“Love comes to those who still hope after disappointment, who still believe after betrayal, and who still love after they’ve been hurt.” – Anonymous
Infidelity. A single word that carries so much weight…as well as different meanings and perceptions. For example, it could pertain to physical acts (such as touching someone else), emotional (like a person having conversations with another individual about things they don’t share with their partner), and/or sexual (which is self-explanatory). All of these channels, however, share a common thread: unfaithfulness to one’s spouse or sexual partner. In other words, betrayal.
Lately, I’ve seen more of the emotional side of infidelities coming out in session, particularly during my work with couples. As humans, our minds naturally and organically create stories – we don’t mean to, it just happens. We may not know the ending of the story or the truth itself and in the absence of either (or both) of these, we fabricate it, filling in the gaps to make it make sense in our head. And this same pattern plays out in relationship betrayal.
It’s worth noting that simply talking about it doesn’t make it go away, but it does help the disloyal individual to understand what happened and how to regain their partner’s trust. The betrayer might believe that discussing their unfaithful act(s) will lead to a blowup, argument, or cause their partner to be upset; so, they often avoid initiating conversations about the betrayal or they don’t talk about it at all, leaving their partner feeling confused, distressed, and fearful about the future. Not good for the relationship.
In order to reach a solution about a betrayal, it’s critical to discuss and explore why, when, and how the breakdown started. Since the partner who was betrayed didn’t know what was happening internally with their partner at the time, it’s okay for them to ask questions about the betrayal itself. As they ask questions and listen to their partner’s answers, the fragments may start coming together and will begin making more sense. It’s similar to putting together puzzle pieces – by giving defined edges to the infidelity, it helps the betrayed individual to contain the disloyal act and their feelings associated with it. And the person who has to help them do that is the very one who caused the betrayal.
For example, let’s say that a husband befriended a woman outside of his marriage and the two of them engaged in numerous emotional conversations. The wife felt that something wasn’t quite right. She shared with her husband, “I don’t want you to have too much contact with her. It doesn’t feel right to me.” The husband was dismissive of his wife’s request and continued having these deep, feelings-filled discussions with the other woman, which only upset his wife even more. By not acknowledging her feelings, it keeps her in the “stuck” state of the betrayal victim. If, however, her husband recognized and verbalized his part in perpetuating the betrayal dance by saying, “I know, I hurt you badly and I’m sorry,” and if he stopped talking with the other woman, it would allow the couple to move forward. Saying “sorry” one time, though, isn’t enough to heal a big relationship wound; it takes repetition, intention, action, and love.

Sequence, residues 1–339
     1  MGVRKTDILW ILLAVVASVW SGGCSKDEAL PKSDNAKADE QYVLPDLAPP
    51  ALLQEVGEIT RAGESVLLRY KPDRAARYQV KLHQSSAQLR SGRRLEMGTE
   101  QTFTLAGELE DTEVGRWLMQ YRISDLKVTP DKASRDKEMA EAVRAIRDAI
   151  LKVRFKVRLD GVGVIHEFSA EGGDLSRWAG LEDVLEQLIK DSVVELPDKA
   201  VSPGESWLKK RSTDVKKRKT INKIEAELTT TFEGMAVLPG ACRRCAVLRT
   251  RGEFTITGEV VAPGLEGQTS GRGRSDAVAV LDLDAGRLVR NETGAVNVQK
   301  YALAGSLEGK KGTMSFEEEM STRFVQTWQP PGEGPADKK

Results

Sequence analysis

Without a doubt, infidelity can be damaging to a relationship, especially when its effects are downplayed by the betrayer. Talking about it, though tough as it may be, truly is the way to begin the healing journey. Through a combined commitment to therapy and each other, couples can learn to repair their relationship, only to come out stronger on the other end.
TAKE-AWAY: Don’t hesitate – communicate! Embrace having deeper, genuine discussions with your partner about recurring thoughts or feelings you experience. Let them know when something doesn’t feel right to you. Chances are if you feel it in your gut, you’re probably right. Getting this out in the open is a great first step to overcoming a betrayal and will also help to strengthen your marriage/relationship by exploring what’s going on for the two of you.